Former Fort Oglethorpe City Councilman Charles Sharrock hasn't served for almost a year since being ousted for sexually harassing three female employees — but the city still pays his $708 monthly salary and another $250 each month toward his supplemental Medicare insurance.
The pay and benefits will continue until Sharrock, who's still fighting his dismissal in court, has exhausted all of his appeals, or until his term expires. Sharrock was one year into his second four-year term at the time of his ouster.
"He's getting paid, and there's a reason he's getting paid," Mayor Lynn Long said. "We chose, based on legal advice, to continue to give him his pay and his insurance."
Long used a "what if" scenario to explain the rationale behind funding Sharrock's insurance.
If an uninsured Sharrock needed a $1 million surgery -- and then won his appeal and was reinstated -- the city, Long said, would be on the hook for the bill.
"Then the taxpayers would all want to hang this mayor," said Long, who often refers to himself in the third person. "We're better off to pay the little insurance [premium]."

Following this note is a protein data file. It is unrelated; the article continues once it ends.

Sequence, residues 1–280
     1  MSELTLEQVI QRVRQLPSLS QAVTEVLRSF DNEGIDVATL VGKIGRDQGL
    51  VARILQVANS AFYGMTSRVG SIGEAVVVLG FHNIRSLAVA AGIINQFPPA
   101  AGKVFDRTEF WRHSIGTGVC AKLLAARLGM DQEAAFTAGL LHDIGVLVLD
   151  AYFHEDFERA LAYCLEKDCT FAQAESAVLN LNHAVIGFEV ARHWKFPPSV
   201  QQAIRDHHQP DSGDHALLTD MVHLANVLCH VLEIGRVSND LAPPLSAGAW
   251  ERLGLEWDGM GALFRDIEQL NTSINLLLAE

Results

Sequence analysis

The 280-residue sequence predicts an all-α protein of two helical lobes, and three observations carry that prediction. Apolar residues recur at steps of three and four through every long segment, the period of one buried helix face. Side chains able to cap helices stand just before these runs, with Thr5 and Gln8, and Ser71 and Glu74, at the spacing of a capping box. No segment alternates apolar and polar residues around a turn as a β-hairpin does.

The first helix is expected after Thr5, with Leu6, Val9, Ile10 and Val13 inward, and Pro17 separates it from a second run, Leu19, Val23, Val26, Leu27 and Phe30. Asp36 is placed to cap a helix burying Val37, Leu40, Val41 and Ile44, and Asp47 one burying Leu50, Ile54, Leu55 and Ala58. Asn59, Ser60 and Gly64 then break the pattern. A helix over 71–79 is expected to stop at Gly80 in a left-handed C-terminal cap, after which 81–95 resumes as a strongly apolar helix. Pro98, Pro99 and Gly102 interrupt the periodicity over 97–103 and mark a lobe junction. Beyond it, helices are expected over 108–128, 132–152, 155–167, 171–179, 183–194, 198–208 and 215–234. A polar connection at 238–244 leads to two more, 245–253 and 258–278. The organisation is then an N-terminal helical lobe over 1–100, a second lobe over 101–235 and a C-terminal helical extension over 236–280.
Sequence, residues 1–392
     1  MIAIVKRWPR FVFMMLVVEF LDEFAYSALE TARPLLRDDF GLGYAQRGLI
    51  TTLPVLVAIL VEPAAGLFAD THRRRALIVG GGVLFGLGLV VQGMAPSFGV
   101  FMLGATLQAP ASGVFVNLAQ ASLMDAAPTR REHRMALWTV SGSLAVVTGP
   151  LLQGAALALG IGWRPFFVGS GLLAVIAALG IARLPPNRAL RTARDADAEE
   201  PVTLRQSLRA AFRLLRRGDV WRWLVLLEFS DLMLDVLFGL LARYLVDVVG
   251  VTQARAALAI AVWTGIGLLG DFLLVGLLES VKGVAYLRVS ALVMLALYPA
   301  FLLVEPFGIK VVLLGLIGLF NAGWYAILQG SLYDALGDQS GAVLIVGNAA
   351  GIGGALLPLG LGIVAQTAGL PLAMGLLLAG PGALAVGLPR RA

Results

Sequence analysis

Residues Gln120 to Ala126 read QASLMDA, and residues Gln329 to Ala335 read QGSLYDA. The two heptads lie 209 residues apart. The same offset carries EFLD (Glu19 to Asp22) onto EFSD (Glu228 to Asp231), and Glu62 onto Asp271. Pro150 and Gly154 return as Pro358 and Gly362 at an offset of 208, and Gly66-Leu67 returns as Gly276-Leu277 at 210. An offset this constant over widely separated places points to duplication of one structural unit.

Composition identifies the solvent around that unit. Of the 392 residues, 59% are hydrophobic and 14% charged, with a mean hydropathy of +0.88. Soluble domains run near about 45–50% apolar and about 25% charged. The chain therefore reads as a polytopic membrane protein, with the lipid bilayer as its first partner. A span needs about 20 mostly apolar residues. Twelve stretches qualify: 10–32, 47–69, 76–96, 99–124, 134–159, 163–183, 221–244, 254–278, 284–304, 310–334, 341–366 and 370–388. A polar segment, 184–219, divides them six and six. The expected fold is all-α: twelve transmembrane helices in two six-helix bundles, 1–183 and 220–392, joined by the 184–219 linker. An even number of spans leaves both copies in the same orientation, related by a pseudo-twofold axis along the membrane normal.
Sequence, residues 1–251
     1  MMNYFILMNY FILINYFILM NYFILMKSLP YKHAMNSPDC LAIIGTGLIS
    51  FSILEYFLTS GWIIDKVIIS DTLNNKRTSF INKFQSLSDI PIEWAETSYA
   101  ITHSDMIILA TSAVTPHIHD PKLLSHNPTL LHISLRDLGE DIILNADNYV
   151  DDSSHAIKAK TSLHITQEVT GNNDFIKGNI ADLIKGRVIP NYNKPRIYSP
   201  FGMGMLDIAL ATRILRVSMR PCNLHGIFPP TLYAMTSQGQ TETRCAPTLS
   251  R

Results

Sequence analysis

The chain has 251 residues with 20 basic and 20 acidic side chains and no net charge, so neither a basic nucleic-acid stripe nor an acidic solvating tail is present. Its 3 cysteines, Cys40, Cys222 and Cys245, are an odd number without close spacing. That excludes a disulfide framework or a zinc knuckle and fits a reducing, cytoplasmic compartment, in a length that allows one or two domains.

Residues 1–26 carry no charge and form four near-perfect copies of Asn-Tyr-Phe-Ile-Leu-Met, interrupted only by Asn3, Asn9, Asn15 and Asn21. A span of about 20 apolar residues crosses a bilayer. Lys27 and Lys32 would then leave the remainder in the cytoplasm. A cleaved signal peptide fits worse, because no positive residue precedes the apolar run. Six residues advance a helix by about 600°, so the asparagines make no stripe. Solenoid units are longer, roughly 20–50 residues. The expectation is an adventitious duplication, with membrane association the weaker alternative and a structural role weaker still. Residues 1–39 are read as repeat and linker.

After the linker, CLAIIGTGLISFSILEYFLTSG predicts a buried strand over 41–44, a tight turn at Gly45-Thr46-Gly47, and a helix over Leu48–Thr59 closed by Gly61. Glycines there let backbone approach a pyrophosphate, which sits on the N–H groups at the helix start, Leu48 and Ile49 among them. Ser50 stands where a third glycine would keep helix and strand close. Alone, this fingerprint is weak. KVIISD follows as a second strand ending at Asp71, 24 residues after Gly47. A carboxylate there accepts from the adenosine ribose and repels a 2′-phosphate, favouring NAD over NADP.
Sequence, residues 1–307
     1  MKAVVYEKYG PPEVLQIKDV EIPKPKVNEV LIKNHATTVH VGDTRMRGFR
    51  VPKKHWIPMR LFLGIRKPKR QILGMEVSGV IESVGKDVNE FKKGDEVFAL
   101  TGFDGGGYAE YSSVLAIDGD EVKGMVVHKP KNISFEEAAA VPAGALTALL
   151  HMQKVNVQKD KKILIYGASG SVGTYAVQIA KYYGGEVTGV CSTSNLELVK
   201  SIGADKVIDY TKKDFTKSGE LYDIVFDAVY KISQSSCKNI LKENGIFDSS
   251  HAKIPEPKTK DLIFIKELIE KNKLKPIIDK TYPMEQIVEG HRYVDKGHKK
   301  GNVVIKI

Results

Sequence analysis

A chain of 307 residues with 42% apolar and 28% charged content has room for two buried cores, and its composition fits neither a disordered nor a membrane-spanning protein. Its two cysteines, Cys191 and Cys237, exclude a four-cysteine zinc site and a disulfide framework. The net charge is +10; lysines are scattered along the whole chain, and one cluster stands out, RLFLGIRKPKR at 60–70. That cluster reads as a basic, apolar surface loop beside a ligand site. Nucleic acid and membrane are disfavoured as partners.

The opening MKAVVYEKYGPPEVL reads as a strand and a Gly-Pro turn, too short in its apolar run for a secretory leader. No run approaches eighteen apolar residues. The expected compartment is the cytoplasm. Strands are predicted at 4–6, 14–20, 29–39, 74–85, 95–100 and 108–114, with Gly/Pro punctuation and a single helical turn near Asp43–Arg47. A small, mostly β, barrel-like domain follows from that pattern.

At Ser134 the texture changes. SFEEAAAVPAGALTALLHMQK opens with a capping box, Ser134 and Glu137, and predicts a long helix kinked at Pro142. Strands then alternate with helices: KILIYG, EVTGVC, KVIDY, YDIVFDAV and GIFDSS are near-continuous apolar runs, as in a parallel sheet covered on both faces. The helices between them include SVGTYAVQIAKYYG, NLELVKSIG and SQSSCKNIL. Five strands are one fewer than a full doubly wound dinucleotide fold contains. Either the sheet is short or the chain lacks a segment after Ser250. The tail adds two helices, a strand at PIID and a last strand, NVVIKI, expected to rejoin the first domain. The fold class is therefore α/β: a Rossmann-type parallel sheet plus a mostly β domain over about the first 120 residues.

City attorney Robert Stultz said the city charter was mum on the matter.
"The charter did not provide any guidance in regard to whether or not he was to be paid or not paid," Stultz said. "We felt the better position would be to continue to pay him until all of his appeals are exhausted."
Sharrock's Ringgold-based attorney Renzo Wiggins didn't return calls seeking comment. Sharrock's former cell phone number doesn't work, and he's declined in the past to comment on his ouster.
In the most recent ruling on the case, Catoosa County Superior Court Judge Jon "Bo" Wood on July 10 upheld the City Council's 4-0 decision on Nov. 27, 2012 to oust Sharrock for sexual harassment. The preponderance of evidence showed that Sharrock committed illegal conduct in performance of his office, the judge wrote, "which is unbecoming the character of a public officer."
"[Sharrock's] asked for Judge Wood to reconsider his decision," Stultz said.
Ultimately, the case may go all the way to the Georgia Supreme Court, he said.
Stultz didn't know if the city would try to recoup Sharrock's post-ouster pay and benefits should the city prevail in court.
"I think that'd be up to the City Council to pursue getting that money back," he said.
Contact staff writer Tim Omarzu at email@example.com or 423-757-6651.
Tim Omarzu covers education for the Times Free Press. Omarzu is a longtime journalist who has worked as a reporter and editor at daily and weekly newspapers in Michigan, Nevada and California.